Partha Sinha, Times of India 17/9/13
For several years, it was the friendly neighbour who sold insurance, post office savings products and, at times, mutual funds in India. Over time, they would become family friends and their business would mostly grow through referrals. They would be family’s financial advisors, agents for selling investment instruments and financial planners — all-in-one financial intermediary.
The times have changed. And with it, the friendly neighbour who sold and advised about financial products has also changed in most big cities and in some towns. The people who now work as financial intermediaries have now started specializing in various fields, such as financial advice, financial planning, broking, agency business, etc.
However, along with the growth and specialization of these businesses, for some reason, there is also a growing confusion among a majority of people about what type of professionals would serve their purpose in the best possible way.
Besides, as an investor there are some fundamental issues that you should remember while choosing a financial intermediary . "While selecting a financial intermediary, the basic question you should ask is ‘Is he bound by a regulation to act in my interest?’, said Rajesh Krishnamoorthy, MD, iFast Financial.
The answer could be in yes or no. This is important because market regulator Sebi has now come out with regulations for financial intermediaries under which anyone advising clients on financial products which are under the jurisdiction of Sebi and is not registered with it to advise clients, is deemed to be acting for the manufacturer of financial products, like mutual funds, portfolio managers, stock brokers etc. So simply put, if a financial advisor is registered with Sebi, he/she is bound to act in the interest of his/her clients. And that could be for a fee that the two parties can agree on.
"Most investors should go to a person who answers yes. They need the support of a financial planner who looks at the person’s income statement, plans future financial path, looks at ways of covering risks, sets up an emergency corpus, etc. They are the ones who will put in place a long-term framework for reach your financial goals," said Krishnamoorthy . He also had a word of advice for investors: Remember the quality of advice can change the quality of life of people in future.
If an entity answers in the negative to the first question, he/she will be taken as an agent of the manufacturer, and may not serve in the best interest of the investor. Worse, there could be some conflict of interest as well, market players said. Investors can also choose to go to these intermediaries, but usually investors who are well informed and financially savvy do that.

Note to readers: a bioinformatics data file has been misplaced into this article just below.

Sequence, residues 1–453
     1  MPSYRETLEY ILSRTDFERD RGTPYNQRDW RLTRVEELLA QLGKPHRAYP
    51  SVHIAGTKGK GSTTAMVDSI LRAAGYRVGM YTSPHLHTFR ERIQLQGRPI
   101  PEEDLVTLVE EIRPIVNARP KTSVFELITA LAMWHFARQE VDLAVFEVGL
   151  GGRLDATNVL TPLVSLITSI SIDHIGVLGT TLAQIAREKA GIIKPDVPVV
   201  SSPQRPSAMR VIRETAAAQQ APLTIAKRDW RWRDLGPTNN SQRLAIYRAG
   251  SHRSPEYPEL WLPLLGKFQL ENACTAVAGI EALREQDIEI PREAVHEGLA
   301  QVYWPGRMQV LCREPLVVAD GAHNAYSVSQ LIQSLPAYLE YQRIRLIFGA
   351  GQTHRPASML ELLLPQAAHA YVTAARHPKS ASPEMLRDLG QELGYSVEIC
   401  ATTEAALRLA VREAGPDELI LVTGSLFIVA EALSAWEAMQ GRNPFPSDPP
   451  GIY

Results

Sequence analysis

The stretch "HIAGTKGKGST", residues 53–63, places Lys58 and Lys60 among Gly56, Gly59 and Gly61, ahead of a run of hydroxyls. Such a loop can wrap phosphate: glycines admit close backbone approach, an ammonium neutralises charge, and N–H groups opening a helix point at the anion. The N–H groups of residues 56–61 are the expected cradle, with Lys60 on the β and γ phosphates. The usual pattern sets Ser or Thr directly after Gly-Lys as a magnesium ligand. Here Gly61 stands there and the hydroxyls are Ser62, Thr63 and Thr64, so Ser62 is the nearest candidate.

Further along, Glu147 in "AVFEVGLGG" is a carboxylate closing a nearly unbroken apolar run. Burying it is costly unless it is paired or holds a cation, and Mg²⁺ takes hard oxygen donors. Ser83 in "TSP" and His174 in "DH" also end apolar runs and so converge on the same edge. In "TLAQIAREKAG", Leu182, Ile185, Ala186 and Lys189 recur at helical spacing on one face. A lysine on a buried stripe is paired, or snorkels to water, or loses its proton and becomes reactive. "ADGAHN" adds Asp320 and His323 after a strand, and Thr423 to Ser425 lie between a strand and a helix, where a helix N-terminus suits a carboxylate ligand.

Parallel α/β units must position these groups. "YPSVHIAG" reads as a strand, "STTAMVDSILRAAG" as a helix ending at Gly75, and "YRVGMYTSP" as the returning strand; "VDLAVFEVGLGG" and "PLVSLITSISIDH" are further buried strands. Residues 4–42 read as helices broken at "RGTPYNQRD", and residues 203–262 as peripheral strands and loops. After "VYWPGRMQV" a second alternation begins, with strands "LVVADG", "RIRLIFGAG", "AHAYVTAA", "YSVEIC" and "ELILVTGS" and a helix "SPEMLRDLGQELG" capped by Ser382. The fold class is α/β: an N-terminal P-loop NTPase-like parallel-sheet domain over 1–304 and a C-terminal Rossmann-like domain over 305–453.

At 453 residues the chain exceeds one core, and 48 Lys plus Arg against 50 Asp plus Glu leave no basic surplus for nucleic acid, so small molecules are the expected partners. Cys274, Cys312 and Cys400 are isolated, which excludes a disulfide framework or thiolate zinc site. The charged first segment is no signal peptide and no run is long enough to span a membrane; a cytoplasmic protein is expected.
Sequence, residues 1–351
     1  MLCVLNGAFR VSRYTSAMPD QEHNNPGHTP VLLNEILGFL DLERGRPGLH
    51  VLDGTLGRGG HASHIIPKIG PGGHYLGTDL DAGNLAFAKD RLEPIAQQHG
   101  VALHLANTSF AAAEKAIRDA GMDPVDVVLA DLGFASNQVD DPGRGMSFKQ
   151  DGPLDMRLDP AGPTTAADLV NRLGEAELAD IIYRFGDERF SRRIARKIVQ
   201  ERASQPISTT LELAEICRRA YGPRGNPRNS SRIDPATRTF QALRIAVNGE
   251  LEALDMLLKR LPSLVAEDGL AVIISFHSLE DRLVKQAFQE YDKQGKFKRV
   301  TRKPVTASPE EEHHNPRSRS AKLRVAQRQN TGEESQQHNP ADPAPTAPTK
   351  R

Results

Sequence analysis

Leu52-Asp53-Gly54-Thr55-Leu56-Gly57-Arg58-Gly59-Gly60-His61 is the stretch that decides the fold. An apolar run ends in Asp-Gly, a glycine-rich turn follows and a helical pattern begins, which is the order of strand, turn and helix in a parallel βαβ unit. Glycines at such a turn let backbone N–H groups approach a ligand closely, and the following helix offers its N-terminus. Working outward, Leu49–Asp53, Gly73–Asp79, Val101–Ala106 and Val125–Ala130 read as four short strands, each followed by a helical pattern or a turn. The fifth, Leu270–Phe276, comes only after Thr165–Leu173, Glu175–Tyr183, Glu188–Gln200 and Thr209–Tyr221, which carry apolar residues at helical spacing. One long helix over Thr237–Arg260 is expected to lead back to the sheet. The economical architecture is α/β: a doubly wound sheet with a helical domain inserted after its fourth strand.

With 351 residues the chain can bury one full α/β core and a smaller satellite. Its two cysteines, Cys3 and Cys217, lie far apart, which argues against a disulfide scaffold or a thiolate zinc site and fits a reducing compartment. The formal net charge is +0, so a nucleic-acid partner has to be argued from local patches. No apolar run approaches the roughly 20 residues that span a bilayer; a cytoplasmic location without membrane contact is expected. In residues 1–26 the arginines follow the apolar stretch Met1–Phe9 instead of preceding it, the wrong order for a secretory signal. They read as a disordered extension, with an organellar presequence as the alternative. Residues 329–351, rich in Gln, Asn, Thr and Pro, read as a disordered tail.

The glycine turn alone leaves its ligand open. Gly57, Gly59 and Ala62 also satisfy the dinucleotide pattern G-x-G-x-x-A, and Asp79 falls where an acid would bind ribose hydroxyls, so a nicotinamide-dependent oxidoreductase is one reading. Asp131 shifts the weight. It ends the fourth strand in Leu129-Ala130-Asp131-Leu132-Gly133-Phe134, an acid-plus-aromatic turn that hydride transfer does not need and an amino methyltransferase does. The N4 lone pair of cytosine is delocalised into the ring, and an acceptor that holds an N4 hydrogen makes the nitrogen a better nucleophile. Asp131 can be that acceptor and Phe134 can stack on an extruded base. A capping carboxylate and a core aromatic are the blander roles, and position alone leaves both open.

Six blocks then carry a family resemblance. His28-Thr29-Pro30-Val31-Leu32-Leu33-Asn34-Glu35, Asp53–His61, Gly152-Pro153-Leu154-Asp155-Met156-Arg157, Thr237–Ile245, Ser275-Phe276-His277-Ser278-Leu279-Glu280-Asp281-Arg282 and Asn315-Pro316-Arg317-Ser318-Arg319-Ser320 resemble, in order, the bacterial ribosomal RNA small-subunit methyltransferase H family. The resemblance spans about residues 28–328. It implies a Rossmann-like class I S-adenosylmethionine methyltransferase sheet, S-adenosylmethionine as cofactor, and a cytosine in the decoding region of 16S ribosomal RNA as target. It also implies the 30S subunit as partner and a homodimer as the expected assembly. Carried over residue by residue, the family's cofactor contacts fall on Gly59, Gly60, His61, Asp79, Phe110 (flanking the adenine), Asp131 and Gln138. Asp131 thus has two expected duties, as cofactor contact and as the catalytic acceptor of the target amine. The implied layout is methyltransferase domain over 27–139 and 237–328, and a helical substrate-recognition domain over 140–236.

Intermediaries in India
Independent financial advisors (IFAs):
As the name suggests, IFAs usually work on their own, advising their clients on various financial products. They usually sell mutual fund schemes of all or several of the fund houses, in addition to selling post office products, company FDs, insurance, etc.
They usually run specialized firms to serve individual clients as per their needs. They prepare tailormade financial plans for their clients after detailed assessment of the client’s long term financial goals, risk-taking capability, their current financial status, income, expenditure and a host of other factors. They prepare financial plans that may incorporate debt, equity, insurance, real estate, gold, emergency corpus etc.
Relationship managers and wealth managers:
These professionals usually work for banks or large distributors. Since they are employees of an organization, as they shift from one organization to the other, they are often found to be more concerned about their commission and not the interest of their clients. Also, most wealth managers prefer to service high networth individuals.
These are usually firms that sell mutual funds to their clients. In India, there are several large and small MF distributors. Although they advise clients on various MF schemes, it’s not always they act in the best interest of their clients.
Life insurance agents:
These professionals sell insurance products but of only one life insurance company. Regulatory norms do not allow any one agent to sell products of more than one life insurance company.
Usually people who deal in shares are called brokers, but they could deal in other financial or other assets as well. Other than stock brokers there are insurance brokers, real estate brokers and several other types of brokers classified according to the products they deal in.
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